I was very moved yesterday to witness a news item about the village of Le Chambon-sur-Lignon in France, recently honoured for saving between 3,000 and 5,000 Jewish children and young people from the Nazis during World War 2.
This tiny Protestant farming village is situated in the mountains of south-central France. Many of its citizens are proud descendants of the Huguenots, the first Protestants in Catholic France. These people understood what it meant to be victims of persecution, so reaching out to the victims of the Nazism came naturally to them.
The people also read the Bible, putting the principle of loving your neighbour as yourself into practice on a daily basis. Village Pastor during the war years, Andre Trocme wrote...... “the humblest peasant home has its Bible and the father reads it every day. So these people, who do not read the papers but the scriptures, do not stand on the moving soil of opinion but on the rock of the Word of the Lord.”
The day after France surrendered to Nazi Germany, Pastor Trocme reminded the people that their responsibility was “to resist the violence that will be brought to bear on their consciences through the weapons of the spirit.” Thus, in defiance of the Nazis and the Vichy government which collaborated with the Nazis, Le Chambon became a village of refuge for whoever found their way to it.
This persistent and powerful moral consensus continued throughout the war and beyond. Pastor Trocme and his assistant, Edouard Theis were arrested early in the war. Later released, their activities were continually monitored by the Gestapo. By summer 1943, the Gestapo forced Trocme into hiding. A reward was offered for his capture. While many knew his location, no one turned him in.
The’ Facing History’ website records that: “When interviewed forty years later, the people of Le Chambon did not regard themselves as heroes. They did what they did, they said, because they believed that it had to be done. Almost everyone in the community of three thousand took part in the effort. Even the children were involved. When a Nazi official came to organize a Hitler Youth camp in the village, the students told him that they “make no distinction between Jews and non-Jews. It is contrary to Gospel teaching.”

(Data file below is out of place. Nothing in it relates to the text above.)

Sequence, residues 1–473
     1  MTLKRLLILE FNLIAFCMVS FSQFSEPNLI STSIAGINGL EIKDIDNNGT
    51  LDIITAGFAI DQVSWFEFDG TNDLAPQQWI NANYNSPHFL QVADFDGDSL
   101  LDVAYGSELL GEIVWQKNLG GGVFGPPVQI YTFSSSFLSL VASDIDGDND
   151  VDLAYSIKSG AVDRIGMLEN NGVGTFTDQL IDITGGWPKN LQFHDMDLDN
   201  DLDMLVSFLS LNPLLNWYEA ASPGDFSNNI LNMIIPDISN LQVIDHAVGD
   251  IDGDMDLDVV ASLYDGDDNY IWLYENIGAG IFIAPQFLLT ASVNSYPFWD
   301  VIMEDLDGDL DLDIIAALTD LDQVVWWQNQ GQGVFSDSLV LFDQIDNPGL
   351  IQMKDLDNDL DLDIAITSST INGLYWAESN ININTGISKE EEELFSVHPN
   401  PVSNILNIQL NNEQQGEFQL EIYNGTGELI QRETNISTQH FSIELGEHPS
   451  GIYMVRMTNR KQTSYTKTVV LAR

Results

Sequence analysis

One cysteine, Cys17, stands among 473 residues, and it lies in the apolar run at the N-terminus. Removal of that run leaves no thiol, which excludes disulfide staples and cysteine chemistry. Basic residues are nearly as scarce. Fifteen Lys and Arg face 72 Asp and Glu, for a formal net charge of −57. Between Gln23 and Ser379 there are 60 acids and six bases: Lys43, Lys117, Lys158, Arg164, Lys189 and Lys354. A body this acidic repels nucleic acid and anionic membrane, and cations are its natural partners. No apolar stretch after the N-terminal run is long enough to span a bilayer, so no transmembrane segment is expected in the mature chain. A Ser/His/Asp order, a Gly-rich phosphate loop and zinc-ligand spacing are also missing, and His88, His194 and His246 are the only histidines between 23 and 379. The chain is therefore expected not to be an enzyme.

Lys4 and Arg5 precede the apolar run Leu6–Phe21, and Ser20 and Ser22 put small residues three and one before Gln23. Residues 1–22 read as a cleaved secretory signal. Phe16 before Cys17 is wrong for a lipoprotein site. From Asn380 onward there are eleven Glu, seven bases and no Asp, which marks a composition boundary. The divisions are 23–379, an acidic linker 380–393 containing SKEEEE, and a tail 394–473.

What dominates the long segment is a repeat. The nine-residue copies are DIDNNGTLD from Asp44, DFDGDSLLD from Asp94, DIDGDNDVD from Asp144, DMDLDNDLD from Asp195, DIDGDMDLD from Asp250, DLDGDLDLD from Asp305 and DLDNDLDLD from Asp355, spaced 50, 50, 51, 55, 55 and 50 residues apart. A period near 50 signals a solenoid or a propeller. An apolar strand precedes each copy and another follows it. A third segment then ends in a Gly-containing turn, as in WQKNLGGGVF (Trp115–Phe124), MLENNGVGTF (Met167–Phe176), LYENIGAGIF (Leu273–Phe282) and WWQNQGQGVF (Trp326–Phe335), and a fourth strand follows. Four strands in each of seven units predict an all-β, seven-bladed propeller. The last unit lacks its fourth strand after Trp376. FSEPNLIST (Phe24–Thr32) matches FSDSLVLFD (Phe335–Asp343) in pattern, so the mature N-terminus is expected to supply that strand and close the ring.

Pierre Sauvage, is a Jew whose parents were hiding in the village at the time he was born. He later made the feature documentary ‘Weapons of the Spirit’, documenting the efforts of the unsung heroes and heroines of Le Cambon.
Sauvage believes that the villagers’ courage must never be forgotten: “If we do not learn how it is possible to act well even under the most trying circumstances, we will increasingly doubt our ability to act well even under less trying ones. If we remember solely the horror of the Holocaust, it is we who will bear the responsibility for having created the most dangerous alibi of all: that it was beyond man’s capacity to know and care. If Jews do not learn that the whole world did not stand idly by while we were slaughtered, we will undermine our ability to develop the friendships and alliances that we need and deserve. If Christians do not learn that even then there were practicing Christians, they will be deprived of inspiring and essential examples of the nature and requirements of their faith.”